Anyway, while going through the laptop, I stumbled on those pics I took that day and for the very first time, I realised what it looked like, what it looked like to be an abused woman, and more importantly what I looked like. This person on the picture looked nothing like, nothing of what I remember being before or what I think I am now. It was a completely different person, alien to me. I was not really much about the bruises, I am dark-skinned, so those don’t show very well, but it was just the face, the look on the face, the cracks on the lips, the blank expression, the sore lips; no none of it looked like a younger version of me or an older version, I fail to recognise this as myself. I look horrible, my eyes were numb, and my lips cracked in a few places, my face was completely drained of any colour and emotion. I looked lost in my own world, and soulless. I realised I looked like a total mess, a complete horror, and maybe had I look at that picture before, I would have realised earlier on in the relationship that I had to let go and get away from it.

My point is it’s crucial to document everything, photos where possible, text messages where you can, audio/video recordings and snapshots. Anything you really can even if you think it’s not important. Save it somewhere safe, maybe a friend you trust or even on a pendrive that you can hide. Make sure you have got enough, so if ever you need to prove anything then you can. Do not let your abuser know you are holding any proofs, do not threaten them with it, if you do then you are digging your own grave.

Clare's law- A way to escape domestic abuse?

Clare’s law- A way to escape domestic abuse?
A scheme allowing people to find out if their partner has a history of domestic violence has been used by more than 5 people a day attesting the violent past of partners or future partners.
Clare's Law - named after Clare Wood, who was murdered by her ex-boyfriend in 2009 - came into force across England and Wales in March 2014.
This is subhanallah an amazing scheme. It can help save so many brothers and sisters from a turbulent and violent relationship. Although so far only women have been using it, men also can use it. It works like a CRB or DBS check, where the police gives you information about whether your partner or potential partner has had a violent past. This type of information is not only available if your partner or potential has been convicted but even when no charges were pressed.  If the police feel you might be at risk, they would disclose such information to you. Furthermore, it gets even better as they can actually tell you if you are in or getting into a relationship with a violent partner without you asking for it (though I personally believe this only happens in extreme cases).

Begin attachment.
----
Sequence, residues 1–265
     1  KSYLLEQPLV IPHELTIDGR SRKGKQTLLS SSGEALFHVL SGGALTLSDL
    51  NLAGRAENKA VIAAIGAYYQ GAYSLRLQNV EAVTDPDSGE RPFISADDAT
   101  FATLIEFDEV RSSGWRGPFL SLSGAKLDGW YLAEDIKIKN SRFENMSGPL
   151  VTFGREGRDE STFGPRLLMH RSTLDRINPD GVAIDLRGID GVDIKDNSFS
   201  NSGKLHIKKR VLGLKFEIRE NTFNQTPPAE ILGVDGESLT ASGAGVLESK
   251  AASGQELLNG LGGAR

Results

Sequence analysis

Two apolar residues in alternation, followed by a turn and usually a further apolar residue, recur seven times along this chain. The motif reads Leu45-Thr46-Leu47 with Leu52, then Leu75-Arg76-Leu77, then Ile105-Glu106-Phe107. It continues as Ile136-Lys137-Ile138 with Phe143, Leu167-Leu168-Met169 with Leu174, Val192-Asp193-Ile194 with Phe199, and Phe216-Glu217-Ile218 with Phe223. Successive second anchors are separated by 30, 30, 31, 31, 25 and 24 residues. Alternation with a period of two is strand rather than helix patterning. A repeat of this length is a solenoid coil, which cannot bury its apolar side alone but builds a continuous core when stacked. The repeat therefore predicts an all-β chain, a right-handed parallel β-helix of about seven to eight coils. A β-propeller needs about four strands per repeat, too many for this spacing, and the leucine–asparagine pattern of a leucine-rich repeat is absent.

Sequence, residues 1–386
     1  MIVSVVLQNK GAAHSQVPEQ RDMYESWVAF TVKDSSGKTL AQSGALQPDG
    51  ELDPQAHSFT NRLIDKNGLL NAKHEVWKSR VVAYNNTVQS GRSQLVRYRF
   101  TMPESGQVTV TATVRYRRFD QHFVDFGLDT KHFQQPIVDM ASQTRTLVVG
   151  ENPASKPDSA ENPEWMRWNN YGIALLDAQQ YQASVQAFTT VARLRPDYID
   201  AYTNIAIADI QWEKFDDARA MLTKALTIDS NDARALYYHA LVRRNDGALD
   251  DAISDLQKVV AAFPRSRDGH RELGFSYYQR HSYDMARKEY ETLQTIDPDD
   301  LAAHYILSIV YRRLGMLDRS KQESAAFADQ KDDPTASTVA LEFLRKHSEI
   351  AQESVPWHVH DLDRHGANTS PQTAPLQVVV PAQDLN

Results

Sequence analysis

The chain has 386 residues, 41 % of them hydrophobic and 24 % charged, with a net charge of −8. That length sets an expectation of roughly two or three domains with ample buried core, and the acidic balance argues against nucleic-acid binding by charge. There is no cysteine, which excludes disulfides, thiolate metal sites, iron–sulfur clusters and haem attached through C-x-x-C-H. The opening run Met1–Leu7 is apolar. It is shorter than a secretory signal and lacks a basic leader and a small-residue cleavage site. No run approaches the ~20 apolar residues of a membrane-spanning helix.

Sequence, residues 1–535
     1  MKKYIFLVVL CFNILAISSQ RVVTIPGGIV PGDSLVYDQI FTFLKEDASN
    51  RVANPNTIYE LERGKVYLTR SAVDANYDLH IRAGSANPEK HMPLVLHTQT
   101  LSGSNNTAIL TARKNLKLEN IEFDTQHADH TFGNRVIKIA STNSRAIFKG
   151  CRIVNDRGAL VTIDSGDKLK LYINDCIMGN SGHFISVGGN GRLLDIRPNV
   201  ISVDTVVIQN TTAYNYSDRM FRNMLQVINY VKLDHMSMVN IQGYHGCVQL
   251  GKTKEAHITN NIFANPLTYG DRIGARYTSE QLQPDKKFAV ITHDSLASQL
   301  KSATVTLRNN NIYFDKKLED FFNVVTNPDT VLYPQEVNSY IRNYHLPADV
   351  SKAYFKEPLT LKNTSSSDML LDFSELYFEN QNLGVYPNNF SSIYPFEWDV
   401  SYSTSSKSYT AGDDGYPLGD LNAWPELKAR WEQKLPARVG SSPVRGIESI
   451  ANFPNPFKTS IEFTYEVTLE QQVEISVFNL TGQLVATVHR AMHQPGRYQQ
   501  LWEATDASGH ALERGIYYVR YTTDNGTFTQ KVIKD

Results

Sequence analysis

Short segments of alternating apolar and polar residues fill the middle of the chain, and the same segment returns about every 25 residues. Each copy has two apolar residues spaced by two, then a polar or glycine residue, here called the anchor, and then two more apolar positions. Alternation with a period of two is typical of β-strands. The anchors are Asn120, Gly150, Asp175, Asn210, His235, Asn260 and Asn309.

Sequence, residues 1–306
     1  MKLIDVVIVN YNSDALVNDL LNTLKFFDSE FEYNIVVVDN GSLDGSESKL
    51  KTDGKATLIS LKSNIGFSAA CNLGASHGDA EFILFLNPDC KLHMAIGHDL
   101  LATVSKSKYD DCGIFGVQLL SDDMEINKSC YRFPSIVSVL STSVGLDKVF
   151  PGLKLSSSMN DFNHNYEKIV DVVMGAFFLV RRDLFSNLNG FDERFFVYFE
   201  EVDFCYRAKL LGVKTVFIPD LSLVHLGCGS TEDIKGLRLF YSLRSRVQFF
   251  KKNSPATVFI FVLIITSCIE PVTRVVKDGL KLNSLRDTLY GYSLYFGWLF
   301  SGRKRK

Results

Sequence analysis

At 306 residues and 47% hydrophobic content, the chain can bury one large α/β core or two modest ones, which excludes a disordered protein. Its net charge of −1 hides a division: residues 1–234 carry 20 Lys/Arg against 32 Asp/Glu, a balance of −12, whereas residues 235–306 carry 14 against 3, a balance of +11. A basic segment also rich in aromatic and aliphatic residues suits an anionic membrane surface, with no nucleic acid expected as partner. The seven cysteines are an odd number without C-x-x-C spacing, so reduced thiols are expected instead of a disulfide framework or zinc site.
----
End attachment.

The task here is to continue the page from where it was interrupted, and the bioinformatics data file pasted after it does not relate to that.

Subhanallah, like it’s often said, you do not really know someone until you live with them.  And many men and women will vow this is true. For Muslims, who are seeking to get married, this is indeed a godsend. A lot of people cannot find partners and check that the information given to them is right, sometimes families and friends do not know it all, just because someone belong to a good and respectable family, doesn’t automatically mean they are too. And, a lot of people are now turning to matrimonials or aunties who try to find ‘the one’ for you, how can you verify that all the information about the one is right. Well, Clare’s law is the answer. People like to hide their dirty past, some will say it’s between me and Allah, which is true, but withholding information is not right either especially if it concerns somebody’s future. People should have the right to make sensible and measured decisions based on the information. Some may choose to go ahead even if information of abuse is disclosed (some people do change with Allah’s help), others may not feel so comfortable with it. But, I think this is great way of making informed decision and knowing the risk you may be taking.
Can you use it, when the proposal has been brought through someone you trust (family/friends) why not? You are not undermining your friend/families intention by looking out for potential danger, even those people may not be aware of the full story. And if someone is not comfortable with the idea with you checking things up then I guess something must not be quite right. We are expected to trust complete strangers and devote the rest of our lives to them, but that’s what they are until we are married to them: strangers!

Feel free to let all your friends and family know, Allah knows best, you might be helping in saving a life.